So, we have this big cardboard box of Mason jars in our storage room. And I fully intend on canning something sometime...it's just that when we moved in I had a two-year-old and was swamped with grief (since we moved within a year of Karen's death) and the feeling of just having moved (which can be overwhelming).
And then the pandemic hit and you would've thought that might be a good time to get some canning done. But, believe me, so did everybody else. There were shortages of canning lids (just as there were shortages of flour and yeast for those who took up baking as a hobby).
And then I was in the thick of graduate school and having a new baby.
And now I have a two-year-old...but also my freezer is full of cranberries...so this year may be the year that we break out the canner again.
Anyway, after reorganizing our storage room and going through things, we had space on the shelf for this box of jars that had been cumbersomely sitting on the floor for the past...four/five years. I lugged it over and tried to fit it on the shelf but it would not fit. It was about half an inch too big for the space. Ugh.
But Andrew decided that—although I'm clearly very good at coming up with excuses—enough was enough for that cardboard box. He announced he was going to buy an official container for the jars that would fit on the shelf and everything. So he measured things (rather, he had Rachel measure things) and on the way to piano lessons, he and Zoë stopped by Home Depot to pick up a container.
Zoë wanted to try carrying this ginormous container by herself. She hefted it up onto her head and was walking around with it balanced there (using her arms, too), but Andrew decided (after a few close calls) that he should probably take over. So he was carrying the big box with one hand and ushering Zoë through the store, then through the check out line, then through the parking lot with the other.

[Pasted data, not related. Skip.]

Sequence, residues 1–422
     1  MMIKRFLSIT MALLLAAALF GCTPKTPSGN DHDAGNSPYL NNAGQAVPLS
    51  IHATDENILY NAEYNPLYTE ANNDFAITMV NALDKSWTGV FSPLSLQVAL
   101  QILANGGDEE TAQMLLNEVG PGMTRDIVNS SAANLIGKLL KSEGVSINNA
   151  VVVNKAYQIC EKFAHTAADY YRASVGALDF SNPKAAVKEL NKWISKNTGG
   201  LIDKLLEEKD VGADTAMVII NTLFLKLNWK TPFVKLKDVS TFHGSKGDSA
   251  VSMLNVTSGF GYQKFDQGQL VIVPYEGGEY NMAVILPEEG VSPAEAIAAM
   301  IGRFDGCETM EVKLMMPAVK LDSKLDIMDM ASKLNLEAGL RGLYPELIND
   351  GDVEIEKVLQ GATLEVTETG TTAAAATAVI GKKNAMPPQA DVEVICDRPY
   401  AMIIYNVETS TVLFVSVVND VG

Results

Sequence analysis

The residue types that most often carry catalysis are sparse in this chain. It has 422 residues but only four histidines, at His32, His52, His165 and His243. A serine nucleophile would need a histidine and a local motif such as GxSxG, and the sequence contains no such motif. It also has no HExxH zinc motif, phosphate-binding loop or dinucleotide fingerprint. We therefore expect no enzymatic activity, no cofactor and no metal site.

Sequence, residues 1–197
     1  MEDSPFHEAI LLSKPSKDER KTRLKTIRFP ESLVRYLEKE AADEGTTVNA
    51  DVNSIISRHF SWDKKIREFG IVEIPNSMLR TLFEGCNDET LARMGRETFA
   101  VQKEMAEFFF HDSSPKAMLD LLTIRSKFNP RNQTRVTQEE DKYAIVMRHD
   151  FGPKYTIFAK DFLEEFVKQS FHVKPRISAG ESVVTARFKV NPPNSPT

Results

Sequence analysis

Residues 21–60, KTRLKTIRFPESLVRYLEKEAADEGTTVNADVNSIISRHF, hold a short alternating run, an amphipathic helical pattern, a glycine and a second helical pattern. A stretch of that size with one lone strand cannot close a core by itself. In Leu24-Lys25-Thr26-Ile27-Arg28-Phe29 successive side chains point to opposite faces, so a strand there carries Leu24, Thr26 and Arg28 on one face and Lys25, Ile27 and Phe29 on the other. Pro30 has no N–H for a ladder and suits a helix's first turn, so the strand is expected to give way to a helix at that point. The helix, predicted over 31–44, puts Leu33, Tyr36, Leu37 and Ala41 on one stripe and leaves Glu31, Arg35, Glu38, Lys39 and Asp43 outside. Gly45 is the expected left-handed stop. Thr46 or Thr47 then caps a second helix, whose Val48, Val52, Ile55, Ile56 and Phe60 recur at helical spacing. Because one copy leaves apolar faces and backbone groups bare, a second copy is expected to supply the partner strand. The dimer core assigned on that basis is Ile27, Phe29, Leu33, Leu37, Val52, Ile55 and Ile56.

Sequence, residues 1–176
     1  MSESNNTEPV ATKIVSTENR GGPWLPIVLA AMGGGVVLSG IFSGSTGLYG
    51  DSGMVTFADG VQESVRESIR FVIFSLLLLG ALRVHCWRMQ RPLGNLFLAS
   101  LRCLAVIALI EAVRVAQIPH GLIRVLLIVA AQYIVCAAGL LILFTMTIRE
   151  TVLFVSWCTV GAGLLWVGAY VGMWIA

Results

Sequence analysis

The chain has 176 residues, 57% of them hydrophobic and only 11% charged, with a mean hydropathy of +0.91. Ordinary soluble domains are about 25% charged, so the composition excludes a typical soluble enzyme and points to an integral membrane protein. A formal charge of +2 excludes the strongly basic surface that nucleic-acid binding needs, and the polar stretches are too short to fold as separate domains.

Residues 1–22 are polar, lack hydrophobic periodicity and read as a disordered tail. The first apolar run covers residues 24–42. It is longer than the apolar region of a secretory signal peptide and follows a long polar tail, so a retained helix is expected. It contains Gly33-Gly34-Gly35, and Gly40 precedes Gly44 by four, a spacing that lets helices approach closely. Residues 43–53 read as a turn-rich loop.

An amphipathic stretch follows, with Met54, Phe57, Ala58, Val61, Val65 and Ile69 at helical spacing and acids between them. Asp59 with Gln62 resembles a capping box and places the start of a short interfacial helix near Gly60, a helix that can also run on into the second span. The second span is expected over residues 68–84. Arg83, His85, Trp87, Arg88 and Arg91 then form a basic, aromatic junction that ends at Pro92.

When he saw the car, he clicked the unlock button and heard the car unlock, and his tail lights lit up to let him know he'd successfully unlocked the car for sure. He walked over to the door, grabbed the handle and...the door didn't budge.
"What in the world?!" he said, yanking on the handle a few more times.
"Ummm...Dad..." Zoë said.
"This isn't our car!"
"This isn't our car!"
"What do you mean this isn't our car?!"
What she meant was that it...wasn't our car.
It was a white car that looked like our white car...and which was currently inhabited by a very confused—though also very patient—individual, who had only minutes before entered their vehicle and inserted the keys to the ignition (which made the tail lights turn on at about the same time Andrew pressed the unlock button on his key fob).
Next to this white car was a big van. And next to that big van was...our car...which was unlocked and waiting for Andrew to climb (ashamedly) inside.
Andrew waved his hands apologetically as he hurriedly left the scene of his...mistake. The man in the other car just shook his head (according to Zoë's testimony of the events; Andrew was trying hard not to look at him).
At least now I have a nice big box to put my canning jars in...that was definitely worth the price of Andrew's pride.